In the previous essay, I described how the sixteenth-century Catholic scholar Sir Thomas More proposed (indirectly, through a fictitious traveler named Raphael Hythloday) a perfect, communistic society. But More went further than just describing the perfect society. He criticized European societies, including the England in which he lived.
European societies, More indicated, made common people suffer. More asked whether having someone on their knees before you make your knees hurt less. How can someone else’s pain lessen yours?
More described the people of Utopia as doing things that would even today draw sharp criticism from conservatives. People voted for their church leaders and there were even a few female priests (something that even today the Catholic Church does not do). Utopia had state-sanctioned euthanasia. Adultery was punished but divorce permitted, thus removing the need for lawyers. (More was a lawyer.) More even admired Utopian courtship. Before marriage, the affianced partners got to look at each other naked so that they would know what they are getting.
War was unknown in Utopia. How did the Utopians manage this? They offered rewards to people from enemy nations who would betray the enemy.
More said that the Utopians were originally pagans but embraced Christianity. However, they banished any Christians who were intolerant of other viewpoints.
Above all, Utopia was a communist society, just like early Christian communities described in the second chapter of Acts. “Though no man owns anything, yet every man is rich.” And yet the rich in England, said More, were not as happy as any of the Utopians. Many sins die when money dies, said More. Wherever people starve, he said, the rich have full barns. He said that it was better “…to be rid of innumerable cares and troubles than to be besieged with great riches.” In England, wealth was measured by how much discomfort it causes to others. He described the love of wealth as a “hell-hound” that “creeps into men’s hearts…”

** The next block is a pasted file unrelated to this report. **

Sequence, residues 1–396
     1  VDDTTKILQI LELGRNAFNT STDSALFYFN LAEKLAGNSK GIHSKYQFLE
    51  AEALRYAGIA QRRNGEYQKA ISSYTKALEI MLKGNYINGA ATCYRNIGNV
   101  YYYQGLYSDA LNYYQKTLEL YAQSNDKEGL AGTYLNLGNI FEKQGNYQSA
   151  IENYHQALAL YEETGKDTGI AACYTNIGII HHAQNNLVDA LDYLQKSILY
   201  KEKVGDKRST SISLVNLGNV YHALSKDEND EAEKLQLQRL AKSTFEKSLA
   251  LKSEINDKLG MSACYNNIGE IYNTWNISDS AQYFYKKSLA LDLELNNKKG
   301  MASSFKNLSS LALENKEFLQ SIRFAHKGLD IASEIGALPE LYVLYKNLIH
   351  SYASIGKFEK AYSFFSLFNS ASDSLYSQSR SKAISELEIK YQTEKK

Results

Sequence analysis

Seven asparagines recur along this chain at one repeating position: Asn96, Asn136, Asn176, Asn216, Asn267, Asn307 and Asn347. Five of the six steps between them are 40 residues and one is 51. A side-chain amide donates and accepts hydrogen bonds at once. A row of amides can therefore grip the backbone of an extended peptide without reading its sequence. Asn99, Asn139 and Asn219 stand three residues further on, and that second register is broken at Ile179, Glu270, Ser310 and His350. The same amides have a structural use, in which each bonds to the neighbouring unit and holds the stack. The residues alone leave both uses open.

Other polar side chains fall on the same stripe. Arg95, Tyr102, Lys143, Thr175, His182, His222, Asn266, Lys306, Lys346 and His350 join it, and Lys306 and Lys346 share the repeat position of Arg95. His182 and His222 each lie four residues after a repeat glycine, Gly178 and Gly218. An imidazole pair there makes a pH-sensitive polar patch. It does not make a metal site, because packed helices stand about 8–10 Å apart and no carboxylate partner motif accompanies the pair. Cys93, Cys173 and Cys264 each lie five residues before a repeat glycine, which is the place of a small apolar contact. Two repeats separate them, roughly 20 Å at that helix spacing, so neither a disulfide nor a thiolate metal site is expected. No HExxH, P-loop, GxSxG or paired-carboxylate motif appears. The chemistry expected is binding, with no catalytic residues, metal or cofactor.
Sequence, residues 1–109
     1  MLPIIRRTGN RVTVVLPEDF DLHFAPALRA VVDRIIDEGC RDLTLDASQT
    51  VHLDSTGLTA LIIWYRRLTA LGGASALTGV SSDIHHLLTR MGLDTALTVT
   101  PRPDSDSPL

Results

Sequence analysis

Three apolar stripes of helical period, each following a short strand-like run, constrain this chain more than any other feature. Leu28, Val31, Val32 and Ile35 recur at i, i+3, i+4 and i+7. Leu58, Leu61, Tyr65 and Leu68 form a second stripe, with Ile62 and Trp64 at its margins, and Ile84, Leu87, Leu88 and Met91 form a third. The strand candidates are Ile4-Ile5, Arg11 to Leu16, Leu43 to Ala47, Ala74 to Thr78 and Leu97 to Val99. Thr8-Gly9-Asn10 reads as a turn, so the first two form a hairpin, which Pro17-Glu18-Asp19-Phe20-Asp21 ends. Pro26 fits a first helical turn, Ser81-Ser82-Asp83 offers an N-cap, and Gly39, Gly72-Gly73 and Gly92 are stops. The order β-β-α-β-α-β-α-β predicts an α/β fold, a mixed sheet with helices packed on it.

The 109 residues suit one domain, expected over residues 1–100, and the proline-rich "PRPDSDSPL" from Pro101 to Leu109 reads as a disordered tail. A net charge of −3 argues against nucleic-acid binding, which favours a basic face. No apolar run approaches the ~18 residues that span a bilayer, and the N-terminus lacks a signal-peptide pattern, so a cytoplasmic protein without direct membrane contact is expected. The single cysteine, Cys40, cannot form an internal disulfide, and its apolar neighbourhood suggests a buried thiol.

More has the fictitious Raphael Hythloday criticize sixteenth-century England in these words: “For what justice is this, that a rich…userer [banker]…or to be brief, any one of those who either do nothing at all, or else something that is not very necessary to the commonwealth, should have a pleasant and wealthy living, either in idleness, or in unnecessary business, when meanwhile poor laborers, carters, ironsmiths, carpenters, and plowmen, by such great and continual toil, as beasts of burden are scarce able to sustain, and again such necessary toil that without it no commonwealth would be able to continue and endure one year, yet get so hard and poor a living and live so wretched and miserable a life that the state and condition of the laboring beasts may seem much better and more comfortable? [That was one sentence, but a powerful one.—HA] For they [the animals] are not put to such continual labor, nor is there living much worse; yea, for them it is much pleasanter, for they take no thought in the meantime for the future. But these ignorant, poor wretches [humans] are now tormented with barren and unfruitful labor, and the remembrance of their poor, indigent, and beggarly old age kills them off. For their daily wage is so little that it will not suffice for the same day, much less yield any overplus that may daily be laid up for the relief of old age.”
Of course, More could simply say, “Oh, Raphael said that; I just wrote down his words.” Take that, Harry.
To summarize, More (through Hythloday) is saying, Rich people do very little that is valuable to the nation as a whole, while the poor work as hard as they can, doing jobs that are necessary for the survival of our nation, under conditions that would be considered abusive to animals, and cannot even earn a living wage, much less save up for retirement. The only thing missing from this statement to make it applicable almost five hundred years after it was written is that today the rich people accuse the poor of being lazy. Or at least, in Mitt Romney’s case, 47 percent of them. Today, as in 1516, bankers play around with other people’s money and lose a lot of it, woopsie, and still receive million-dollar bonuses.
I realize that there is likely to be no way that natural selection, whether biological or cultural, could produce a sustainable state of communism. More’s Utopia is a fantasy land easily invasible (I think that’s a word) by selfish people. But it might work on a small scale. More, after all, based his Utopia on vague stories he had heard about Native American tribes. My Cherokee ancestors really did hold all their land in common. More even located Utopia in a vaguely American geographical location.
If you have a better idea, leave a comment. Let’s talk.